Two memorable examples in modern history will spring to the recollection of every man.  Before Cromwell drove out by the bayonet the Parliament of England he and his partisans had denounced it, derided it, decried it, and defamed it, and thus brought it into ridicule and contempt.  He vilified it with the same name which---it is a significant fact--- the partisans of Johnson, by a concerted cry, applied to the Congress of the United States when he commenced his memorable pilgrimage and crusade against it.  It is a still more significant fact that the justification made by Cromwell and by Johnson for setting aside the authority of Parliament and Congress respectively was precisely the same, to wit: that they were elected by part of the people only.  When Cromwell, by his soldiers, finally entered the hall of Parliament  to disperse its members, he attempted to cover the enormity of his usurpation by denouncing this man personally as a libertine, that as a drunkard, another as a betrayer of the liberties of the people.  Johnson started out on precisely the same course, by forgetting the parallel, too early he proclaims this patriot an assassin, that statesman a traitor threatens to hang that man whom the people delight to honor, and breathes out "threatenings and slaughter" against this man whose services in the cause of human freedom have made his name a household word wherever the language is spoken.  There is, however, an appreciable difference between Cromwell and Johnson, and there is a like difference in the results accomplished by each.

    When Bonaparte extinguished the Legislature of France he waited until, through his press and partisans and by his own denunciations, he brought its authority into disgrace and contempt; and when, finally, he drove the council of the nation from their chamber, like Cromwell, he justified himself by personal abuse of the individuals themselves as they passed by him.

    That the attempt of Andrew Johnson to overthrow Congress has failed is because of the want of ability and power not of malignity and will.

    We are too apt to overlook the danger which may come from words:  "We are inclined to say that is only talk--- wait till some act is done, and then it will be time to move.  But words may be, and sometimes are, things---living, burning things that set a world on fire. . . .

    By murder most foul he succeeded to the Presidency, and is the elect of an assassin to that high office, and not of the people.  "It was a grievous fault, and grievously have we answered it:" but let me tell you, O advocate of monarchy! that our frame of government gives us a remedy for such a misfortune, which yours, with its divine right of kings, does not.  We can remove him--- as we are about to do--- from the office he has disgraced by the sure, safe, and constitutional method of impeachment; while your king, if he becomes a buffoon, or a jester, or a tyrant, can only be displaced through revolution, bloodshed, and civil war.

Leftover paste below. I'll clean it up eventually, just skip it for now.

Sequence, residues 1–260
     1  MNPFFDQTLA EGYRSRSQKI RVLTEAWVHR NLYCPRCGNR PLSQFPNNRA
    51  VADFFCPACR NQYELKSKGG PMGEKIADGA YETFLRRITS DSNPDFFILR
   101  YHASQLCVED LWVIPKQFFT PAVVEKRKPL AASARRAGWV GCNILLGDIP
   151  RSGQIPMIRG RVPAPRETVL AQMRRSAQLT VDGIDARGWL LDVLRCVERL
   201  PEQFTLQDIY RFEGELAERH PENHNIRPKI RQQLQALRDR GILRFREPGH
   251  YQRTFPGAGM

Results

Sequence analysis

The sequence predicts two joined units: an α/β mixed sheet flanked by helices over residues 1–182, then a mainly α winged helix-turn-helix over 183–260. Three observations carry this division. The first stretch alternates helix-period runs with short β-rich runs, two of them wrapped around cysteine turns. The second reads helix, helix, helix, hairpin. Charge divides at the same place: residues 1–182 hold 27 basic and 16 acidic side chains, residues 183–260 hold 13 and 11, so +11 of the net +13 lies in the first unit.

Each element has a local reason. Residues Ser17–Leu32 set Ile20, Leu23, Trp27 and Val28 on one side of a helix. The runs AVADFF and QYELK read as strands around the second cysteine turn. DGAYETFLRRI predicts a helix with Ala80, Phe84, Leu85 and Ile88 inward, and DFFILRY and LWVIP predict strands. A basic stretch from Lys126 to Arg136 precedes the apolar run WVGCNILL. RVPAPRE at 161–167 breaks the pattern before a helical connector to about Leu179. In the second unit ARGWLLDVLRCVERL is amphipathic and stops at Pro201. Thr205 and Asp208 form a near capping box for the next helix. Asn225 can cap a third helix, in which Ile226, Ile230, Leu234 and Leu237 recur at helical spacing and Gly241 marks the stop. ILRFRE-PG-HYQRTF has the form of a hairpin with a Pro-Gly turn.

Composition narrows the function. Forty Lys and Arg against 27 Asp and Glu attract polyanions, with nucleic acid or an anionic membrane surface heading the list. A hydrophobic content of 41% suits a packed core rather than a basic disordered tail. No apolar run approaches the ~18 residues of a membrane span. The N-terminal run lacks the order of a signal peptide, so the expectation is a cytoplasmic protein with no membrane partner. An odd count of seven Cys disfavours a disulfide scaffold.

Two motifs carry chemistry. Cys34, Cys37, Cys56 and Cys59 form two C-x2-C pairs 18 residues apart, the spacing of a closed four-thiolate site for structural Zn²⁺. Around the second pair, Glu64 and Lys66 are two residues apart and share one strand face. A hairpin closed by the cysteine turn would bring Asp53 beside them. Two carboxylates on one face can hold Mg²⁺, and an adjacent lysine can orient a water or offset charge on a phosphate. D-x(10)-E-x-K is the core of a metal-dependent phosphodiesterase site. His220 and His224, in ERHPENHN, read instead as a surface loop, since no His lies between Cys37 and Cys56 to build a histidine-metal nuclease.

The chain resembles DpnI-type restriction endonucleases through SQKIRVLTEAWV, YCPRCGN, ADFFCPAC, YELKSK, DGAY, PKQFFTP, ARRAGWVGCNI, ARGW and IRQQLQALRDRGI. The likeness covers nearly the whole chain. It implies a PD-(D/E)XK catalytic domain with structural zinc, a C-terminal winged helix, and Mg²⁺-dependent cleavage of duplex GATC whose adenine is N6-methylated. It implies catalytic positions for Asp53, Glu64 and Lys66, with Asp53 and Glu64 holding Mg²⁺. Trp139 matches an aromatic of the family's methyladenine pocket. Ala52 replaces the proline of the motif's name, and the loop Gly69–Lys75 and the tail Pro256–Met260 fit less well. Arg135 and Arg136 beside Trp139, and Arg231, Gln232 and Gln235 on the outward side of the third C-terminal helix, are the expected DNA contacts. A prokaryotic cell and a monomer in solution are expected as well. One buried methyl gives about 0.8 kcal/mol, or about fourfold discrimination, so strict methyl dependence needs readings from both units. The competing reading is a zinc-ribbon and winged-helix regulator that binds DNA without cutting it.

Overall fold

That, this, O monarchist! is the crowning glory of our institutions, because of which, if for no other reason, our form of government claims precedence over all other governments of the earth . . . .

    To the bar of this high tribunal, invested with all its great power and duties, the House of Representatives has brought the President of the United States by the most solemn form of accusation, charging him with high crimes and misdemeanors in office, as set forth in the several articles which I have thus feebly presented to your attention.  Now, it seems necessary that I should briefly touch upon and bring freshly to your remembrance the history of some of the events of his administration of affairs in his high office, in order that the intents with which and the purposes for which the respondent committed the acts alleged against him may be fully understood.

    Upon the first reading of the articles of impeachment the question might have arisen in the mind of some Senator, Why are these acts of the President only presented by the House, When history informs us that others equally dangerous to the liberties of the people, if not more so, and others of equal usurpation of powers, if not greater, are passed by in silence?

    To such possible inquiry we reply: that the acts set out in the first eight articles are but the culmination of a series of wrongs, malfeasances, and usurpations committed by the respondent, and therefore need to be examined in the light of his precedent and concomitant acts to grasp their scope and design.  The last three articles presented show the perversity and malignity with which he acted, so that the man, as he is known to us may be clearly spread upon the record to be seen and known of all men hereafter . . .